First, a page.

The results of the QLP test are used in the following ways:


Appointments are arranged, and trained consultants explain the significance of the individual learner’s profile and analyze the implications so that both learners and parents can better understand how learning takes place, and thus be in a position to provide suitable conditions. Parents, like teachers, can influence learners in a negative way if they impose their own learning style and thus interfere in the whole learning process. It is important that teachers themselves take the QLP test to identify their own learning profile, as this knowledge will enable them to focus on the learners’ needs without interference.

Mapping of Learning Profiles of Groups and differentiated instruction.

After collecting the learning profiles of individual learners, the collective profile of each group is mapped in order to see the dominant intelligences of the group. No two groups are the same and there is no single way to teach all the groups of a class. We need to recognize the varied intelligences, their many combinations unique in each individual and respect the multiple variations in the ways people learn. No one teaching method will work best for all learners at all times, so what may be very successful with one group of learners may be less so with another group. Trained teachers first need to identify what intelligences the tasks of a particular lesson cater for and then adapt some to cater for the profile of the particular group. Since course material is written for the wider market and never with a particular group of learners in mind, it is the teachers who, if necessary, need to adapt the material and shift their intelligences emphasis from time to time during the lesson so as to ensure that each learner’s dominant intelligences are catered for through active involvement in learning at some point during the lesson. As Puchta H. and Rinvolucri M. (2005 p.16) state, “Your students’ motivation depends partly on how “addressed” they feel in your class and on how meaningful they think the activities in your class are to them. If your teaching focus is on the linguistic domain only, you will get excellent results with a minority of students who are strong in this area.” QLP reveals the positive qualities of learners and how they learn while differentiated instruction provides practical ways for a learner to experience success in the classroom.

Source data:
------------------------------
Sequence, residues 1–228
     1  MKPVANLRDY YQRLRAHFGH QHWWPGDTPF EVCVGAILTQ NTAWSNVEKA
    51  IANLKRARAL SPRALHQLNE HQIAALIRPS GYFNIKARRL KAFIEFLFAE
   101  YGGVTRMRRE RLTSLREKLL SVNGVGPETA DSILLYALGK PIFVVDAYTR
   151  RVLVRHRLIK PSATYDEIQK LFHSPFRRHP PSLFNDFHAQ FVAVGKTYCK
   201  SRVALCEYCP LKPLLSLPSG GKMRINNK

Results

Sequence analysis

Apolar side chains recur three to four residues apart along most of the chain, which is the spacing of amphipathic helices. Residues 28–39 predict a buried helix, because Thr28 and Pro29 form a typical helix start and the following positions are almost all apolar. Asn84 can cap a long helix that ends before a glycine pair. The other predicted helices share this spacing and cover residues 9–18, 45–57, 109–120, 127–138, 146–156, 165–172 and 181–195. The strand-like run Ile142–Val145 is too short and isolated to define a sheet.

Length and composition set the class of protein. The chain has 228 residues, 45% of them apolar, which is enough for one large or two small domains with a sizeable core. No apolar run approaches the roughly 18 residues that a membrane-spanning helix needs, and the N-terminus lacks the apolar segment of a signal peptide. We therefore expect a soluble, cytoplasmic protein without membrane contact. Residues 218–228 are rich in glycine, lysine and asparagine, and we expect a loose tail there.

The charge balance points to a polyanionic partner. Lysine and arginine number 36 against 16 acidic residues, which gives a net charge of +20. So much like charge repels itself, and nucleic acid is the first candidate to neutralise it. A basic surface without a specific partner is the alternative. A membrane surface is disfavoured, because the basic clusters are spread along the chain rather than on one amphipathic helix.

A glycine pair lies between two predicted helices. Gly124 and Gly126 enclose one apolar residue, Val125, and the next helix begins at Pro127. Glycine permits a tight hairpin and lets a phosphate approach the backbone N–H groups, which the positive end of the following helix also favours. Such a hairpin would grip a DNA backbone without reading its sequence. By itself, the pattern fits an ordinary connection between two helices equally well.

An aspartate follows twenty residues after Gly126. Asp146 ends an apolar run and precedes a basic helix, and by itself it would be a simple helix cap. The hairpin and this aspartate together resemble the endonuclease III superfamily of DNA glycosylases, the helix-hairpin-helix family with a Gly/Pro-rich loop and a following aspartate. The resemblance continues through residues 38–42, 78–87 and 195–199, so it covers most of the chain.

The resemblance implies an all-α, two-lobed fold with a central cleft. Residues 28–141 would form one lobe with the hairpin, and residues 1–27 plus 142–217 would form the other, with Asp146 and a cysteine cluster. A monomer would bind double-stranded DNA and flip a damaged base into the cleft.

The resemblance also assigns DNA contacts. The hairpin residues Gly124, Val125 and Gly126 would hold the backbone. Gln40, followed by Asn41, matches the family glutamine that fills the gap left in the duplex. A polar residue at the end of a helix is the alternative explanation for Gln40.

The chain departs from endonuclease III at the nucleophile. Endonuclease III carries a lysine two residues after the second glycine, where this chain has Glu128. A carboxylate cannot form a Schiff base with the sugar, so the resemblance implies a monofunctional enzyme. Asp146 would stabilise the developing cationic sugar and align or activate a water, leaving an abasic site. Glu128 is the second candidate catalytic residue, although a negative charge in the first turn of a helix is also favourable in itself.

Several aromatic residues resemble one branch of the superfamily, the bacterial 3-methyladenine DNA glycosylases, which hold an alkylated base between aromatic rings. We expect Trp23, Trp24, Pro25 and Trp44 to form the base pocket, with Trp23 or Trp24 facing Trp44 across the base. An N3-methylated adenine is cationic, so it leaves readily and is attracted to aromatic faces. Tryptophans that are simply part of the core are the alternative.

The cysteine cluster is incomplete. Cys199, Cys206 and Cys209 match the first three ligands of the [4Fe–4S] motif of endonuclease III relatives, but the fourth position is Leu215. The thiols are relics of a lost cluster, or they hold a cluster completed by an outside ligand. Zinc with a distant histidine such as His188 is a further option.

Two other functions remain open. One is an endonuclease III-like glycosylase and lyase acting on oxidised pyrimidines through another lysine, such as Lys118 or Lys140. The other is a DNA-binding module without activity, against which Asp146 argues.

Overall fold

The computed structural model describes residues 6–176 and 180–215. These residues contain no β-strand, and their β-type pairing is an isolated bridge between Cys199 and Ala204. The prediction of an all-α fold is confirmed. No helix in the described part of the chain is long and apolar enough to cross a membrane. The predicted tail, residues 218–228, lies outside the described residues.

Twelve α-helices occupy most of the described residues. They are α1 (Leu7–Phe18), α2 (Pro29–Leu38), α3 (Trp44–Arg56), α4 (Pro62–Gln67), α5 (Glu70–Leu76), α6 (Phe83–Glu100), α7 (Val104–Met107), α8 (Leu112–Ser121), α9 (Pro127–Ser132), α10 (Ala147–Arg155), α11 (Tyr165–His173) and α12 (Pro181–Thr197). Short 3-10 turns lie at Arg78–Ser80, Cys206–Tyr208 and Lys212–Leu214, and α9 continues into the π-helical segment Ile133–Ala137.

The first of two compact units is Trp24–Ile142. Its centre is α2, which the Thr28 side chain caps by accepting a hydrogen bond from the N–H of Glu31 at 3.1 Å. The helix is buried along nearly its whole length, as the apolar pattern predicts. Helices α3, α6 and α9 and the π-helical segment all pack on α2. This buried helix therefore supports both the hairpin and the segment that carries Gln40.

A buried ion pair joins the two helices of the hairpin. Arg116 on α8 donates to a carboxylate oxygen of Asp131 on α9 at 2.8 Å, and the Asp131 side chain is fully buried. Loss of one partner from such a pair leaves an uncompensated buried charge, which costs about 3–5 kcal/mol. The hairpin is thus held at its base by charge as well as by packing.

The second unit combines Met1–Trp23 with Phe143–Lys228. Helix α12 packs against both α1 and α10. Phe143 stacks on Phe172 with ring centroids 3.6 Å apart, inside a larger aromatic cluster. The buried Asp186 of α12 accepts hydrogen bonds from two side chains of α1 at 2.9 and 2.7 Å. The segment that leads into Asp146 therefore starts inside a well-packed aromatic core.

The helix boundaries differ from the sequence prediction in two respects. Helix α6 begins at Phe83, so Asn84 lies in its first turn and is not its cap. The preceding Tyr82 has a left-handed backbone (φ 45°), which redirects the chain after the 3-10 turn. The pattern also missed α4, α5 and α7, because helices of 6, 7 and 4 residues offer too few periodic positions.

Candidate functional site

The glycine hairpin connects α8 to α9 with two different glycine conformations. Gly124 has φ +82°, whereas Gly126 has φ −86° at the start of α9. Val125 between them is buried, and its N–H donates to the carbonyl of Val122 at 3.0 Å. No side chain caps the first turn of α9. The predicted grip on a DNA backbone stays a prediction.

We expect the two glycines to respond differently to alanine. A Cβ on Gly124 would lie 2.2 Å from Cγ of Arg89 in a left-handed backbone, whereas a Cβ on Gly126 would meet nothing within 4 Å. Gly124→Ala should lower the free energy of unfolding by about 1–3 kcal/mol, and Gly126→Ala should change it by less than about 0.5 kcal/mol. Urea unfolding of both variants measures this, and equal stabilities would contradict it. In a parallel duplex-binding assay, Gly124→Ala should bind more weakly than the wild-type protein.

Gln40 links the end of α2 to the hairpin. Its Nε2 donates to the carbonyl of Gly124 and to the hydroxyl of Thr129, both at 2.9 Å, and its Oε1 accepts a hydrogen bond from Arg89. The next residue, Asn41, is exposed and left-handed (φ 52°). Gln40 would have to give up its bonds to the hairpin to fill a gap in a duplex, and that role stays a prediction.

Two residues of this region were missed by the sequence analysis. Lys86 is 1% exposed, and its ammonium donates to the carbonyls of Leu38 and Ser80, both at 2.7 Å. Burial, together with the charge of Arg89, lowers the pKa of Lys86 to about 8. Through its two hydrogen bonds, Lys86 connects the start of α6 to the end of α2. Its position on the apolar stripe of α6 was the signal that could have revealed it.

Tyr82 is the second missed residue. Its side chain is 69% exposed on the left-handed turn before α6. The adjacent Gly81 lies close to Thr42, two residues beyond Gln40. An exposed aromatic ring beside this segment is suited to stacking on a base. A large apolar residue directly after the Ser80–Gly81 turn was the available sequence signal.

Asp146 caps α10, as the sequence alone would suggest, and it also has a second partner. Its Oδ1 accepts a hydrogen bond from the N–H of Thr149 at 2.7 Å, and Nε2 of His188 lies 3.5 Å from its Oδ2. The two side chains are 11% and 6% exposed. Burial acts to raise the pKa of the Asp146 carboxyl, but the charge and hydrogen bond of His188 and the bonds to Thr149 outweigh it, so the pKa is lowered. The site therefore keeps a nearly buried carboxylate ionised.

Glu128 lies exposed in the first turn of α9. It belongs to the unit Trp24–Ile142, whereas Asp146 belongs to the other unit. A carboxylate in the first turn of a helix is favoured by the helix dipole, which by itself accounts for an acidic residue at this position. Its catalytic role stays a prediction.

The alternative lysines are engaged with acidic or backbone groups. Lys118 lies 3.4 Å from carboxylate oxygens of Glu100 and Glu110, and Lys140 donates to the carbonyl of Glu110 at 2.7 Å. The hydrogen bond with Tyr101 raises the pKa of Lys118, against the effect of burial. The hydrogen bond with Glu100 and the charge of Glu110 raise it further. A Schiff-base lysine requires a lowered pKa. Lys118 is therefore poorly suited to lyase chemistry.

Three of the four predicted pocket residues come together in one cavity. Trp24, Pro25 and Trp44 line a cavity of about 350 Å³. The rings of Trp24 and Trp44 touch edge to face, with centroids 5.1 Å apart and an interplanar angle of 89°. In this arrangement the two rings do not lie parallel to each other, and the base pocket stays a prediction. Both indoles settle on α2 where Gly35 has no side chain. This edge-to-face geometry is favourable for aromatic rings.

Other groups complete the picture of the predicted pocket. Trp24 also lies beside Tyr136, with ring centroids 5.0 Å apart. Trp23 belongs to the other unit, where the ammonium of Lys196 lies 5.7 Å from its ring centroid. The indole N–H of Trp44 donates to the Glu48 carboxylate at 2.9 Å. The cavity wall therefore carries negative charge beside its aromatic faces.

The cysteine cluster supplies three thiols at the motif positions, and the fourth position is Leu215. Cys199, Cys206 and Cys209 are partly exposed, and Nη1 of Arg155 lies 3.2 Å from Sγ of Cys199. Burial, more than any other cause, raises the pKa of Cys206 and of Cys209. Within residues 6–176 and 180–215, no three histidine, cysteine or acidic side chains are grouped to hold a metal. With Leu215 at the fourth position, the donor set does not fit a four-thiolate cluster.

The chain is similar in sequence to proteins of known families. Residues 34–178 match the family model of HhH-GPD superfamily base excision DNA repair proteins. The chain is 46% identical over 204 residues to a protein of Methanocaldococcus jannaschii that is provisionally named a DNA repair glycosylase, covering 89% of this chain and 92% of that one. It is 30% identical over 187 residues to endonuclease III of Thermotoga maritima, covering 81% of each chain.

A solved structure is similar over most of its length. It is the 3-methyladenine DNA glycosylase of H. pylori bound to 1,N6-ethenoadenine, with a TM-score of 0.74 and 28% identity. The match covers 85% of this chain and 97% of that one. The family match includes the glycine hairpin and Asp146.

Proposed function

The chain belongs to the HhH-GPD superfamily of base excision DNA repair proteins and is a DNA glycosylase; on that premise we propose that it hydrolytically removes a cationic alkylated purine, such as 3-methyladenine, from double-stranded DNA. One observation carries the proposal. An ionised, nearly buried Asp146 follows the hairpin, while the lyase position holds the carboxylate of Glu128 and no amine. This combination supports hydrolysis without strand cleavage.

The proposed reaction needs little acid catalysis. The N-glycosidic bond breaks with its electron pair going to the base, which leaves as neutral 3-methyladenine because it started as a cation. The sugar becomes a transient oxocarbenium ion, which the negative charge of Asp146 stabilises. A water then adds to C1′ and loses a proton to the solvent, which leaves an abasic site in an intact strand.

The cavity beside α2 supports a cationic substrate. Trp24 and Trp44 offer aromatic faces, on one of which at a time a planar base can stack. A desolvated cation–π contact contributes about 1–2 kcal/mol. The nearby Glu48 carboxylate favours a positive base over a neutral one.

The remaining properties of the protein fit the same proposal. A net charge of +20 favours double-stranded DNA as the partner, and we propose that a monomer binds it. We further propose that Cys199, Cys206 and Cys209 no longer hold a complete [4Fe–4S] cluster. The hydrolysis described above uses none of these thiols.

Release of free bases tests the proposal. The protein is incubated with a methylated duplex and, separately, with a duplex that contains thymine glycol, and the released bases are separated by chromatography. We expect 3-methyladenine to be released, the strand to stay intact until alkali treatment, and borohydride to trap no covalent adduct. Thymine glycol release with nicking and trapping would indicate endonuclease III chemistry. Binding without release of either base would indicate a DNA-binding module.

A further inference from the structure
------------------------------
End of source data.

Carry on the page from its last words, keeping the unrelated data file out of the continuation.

If some of our learners do not learn the way we teach them, it is only fair that we try to teach them the way they learn.

Asimenia Featham, Dip. Trans. Institute of Linguists, MSc TE Aston University UK, Language school owner, Director of Studies and teacher-trainer, Chair of QLS, the Network of Quality Language Schools in Greece.


Armstrong Thomas (2009) Multiple Intelligences in the Classroom.  ASCD Alexandria Virginia USA

Berman M., (2002) A Multiple Intelligences Road to an ELT Classroom Crown House Publishing Ltd

Gardner, Howard (1999), Intelligence Reframed, Basic Books.

McKenzie. W (1999a) “It’s not how smart you are –It’s how you are smart”             http://surfaquarium.com/Mi/nine_intelligences,pdf

Puchta H., Rinvolucri M., (2005) Multiple Intelligences in EFL, Helbling Languages

Yannakoudakis John E., Yannakoudakis Irene, E., Yannakoudakis Helen E., Papadourakis Giorgos (2014), Using an Expert System to Automatically Map the Learning Profile of Individuals, The Sixth International Conference on Mobile, Hybrid, and On-line Learning, eLmL, pp. 8-13, March 23-27, Barcelona, Spain.